Structured Psychotherapy for Adolescents Responding to Chronic Stress (SPARCS)
The information in this program outline is provided by the program representative and edited by the CEBC staff. This program has been reviewed by the CEBC in the following Topic Areas:
About This Program
Target Population: Traumatized adolescents with a history of exposure to chronic interpersonal trauma (such as ongoing physical abuse) and/or separate types of trauma (e.g. community violence, sexual assault), many of whom are still living with ongoing stress and unstable environments and/or complexly traumatized adolescents with or without current/lifetime PTSD
SPARCS is a present-focused, 16-session manually guided group treatment. It is specifically designed to improve the emotional, social, academic, and behavioral functioning of adolescents exposed to chronic interpersonal trauma (such as ongoing physical abuse) and/or separate types of trauma (e.g., community violence, sexual assault). The curriculum was designed to address the needs of adolescents who may still be living with ongoing stress and may be experiencing problems in several areas of functioning. This can includes difficulties with affect regulation and impulsivity, self-perception, relationships, somatization, dissociation, numbing and avoidance, and struggles with their own purpose and meaning in life, as well as worldviews that make it difficult for them to see a future for themselves.
SPARCS is based primarily on cognitive-behavioral principles and teaches skills to foster resilience and enhance group members' current strengths. Experiential activities and discussion topics have been specifically developed for use with adolescents, and are designed to capitalize on developmental considerations that are particularly relevant for teenagers (e.g., issues related to autonomy and identity). It should be noted that SPARCS is a present-focused intervention, and is not an exposure-based model. Although there is no direct exposure component (e.g., no construction of a trauma narrative), traumas are discussed in the context of how they relate to the adolescents’ current behaviors and to their understanding of their problems and difficulties in the here and now.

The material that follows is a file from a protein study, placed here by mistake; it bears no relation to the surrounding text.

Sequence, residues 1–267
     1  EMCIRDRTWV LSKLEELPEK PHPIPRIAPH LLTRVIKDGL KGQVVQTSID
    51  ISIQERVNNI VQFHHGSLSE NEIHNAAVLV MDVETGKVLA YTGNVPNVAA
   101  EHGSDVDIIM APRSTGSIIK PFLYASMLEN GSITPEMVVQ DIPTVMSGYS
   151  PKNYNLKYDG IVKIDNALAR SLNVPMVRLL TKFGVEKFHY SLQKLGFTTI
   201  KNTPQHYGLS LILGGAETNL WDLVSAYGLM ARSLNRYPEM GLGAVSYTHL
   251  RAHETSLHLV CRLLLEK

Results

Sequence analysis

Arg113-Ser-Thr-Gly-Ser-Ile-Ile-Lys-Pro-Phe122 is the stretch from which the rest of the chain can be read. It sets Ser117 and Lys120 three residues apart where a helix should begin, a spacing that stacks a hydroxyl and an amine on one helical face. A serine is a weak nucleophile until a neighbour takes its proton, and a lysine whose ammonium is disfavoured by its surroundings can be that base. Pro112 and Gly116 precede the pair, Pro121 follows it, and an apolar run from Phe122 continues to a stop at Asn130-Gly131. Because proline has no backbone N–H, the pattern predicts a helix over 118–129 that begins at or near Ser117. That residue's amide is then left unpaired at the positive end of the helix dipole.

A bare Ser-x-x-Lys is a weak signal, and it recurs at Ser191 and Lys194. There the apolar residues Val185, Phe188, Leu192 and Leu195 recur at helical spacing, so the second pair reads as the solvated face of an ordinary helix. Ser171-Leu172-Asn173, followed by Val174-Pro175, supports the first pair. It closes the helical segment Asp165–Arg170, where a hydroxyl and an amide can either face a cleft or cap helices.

The curriculum, which draws from the core components of complex trauma treatment, incorporates techniques from Dialectical Behavioral Therapy (DBT), Trauma and Grief Components Therapy (TGCT), and early versions of Trauma Adaptive Recovery Group Education and Therapy (TARGET). These techniques are utilized with participants throughout many of the group sessions.
The overall goals of Structured Psychotherapy for Adolescents Responding to Chronic Stress (SPARCS) are:
- “The Four C’s”:
- Coping more effectively in the moment
- Connecting with others and establishing supportive relationships
- Cultivating awareness
- Creating meaning in their lives
Date Research Evidence Last Reviewed by CEBC: December 2015
Date Program Content Last Reviewed by Program Staff: October 2014
Date Program Originally Loaded onto CEBC: May 2006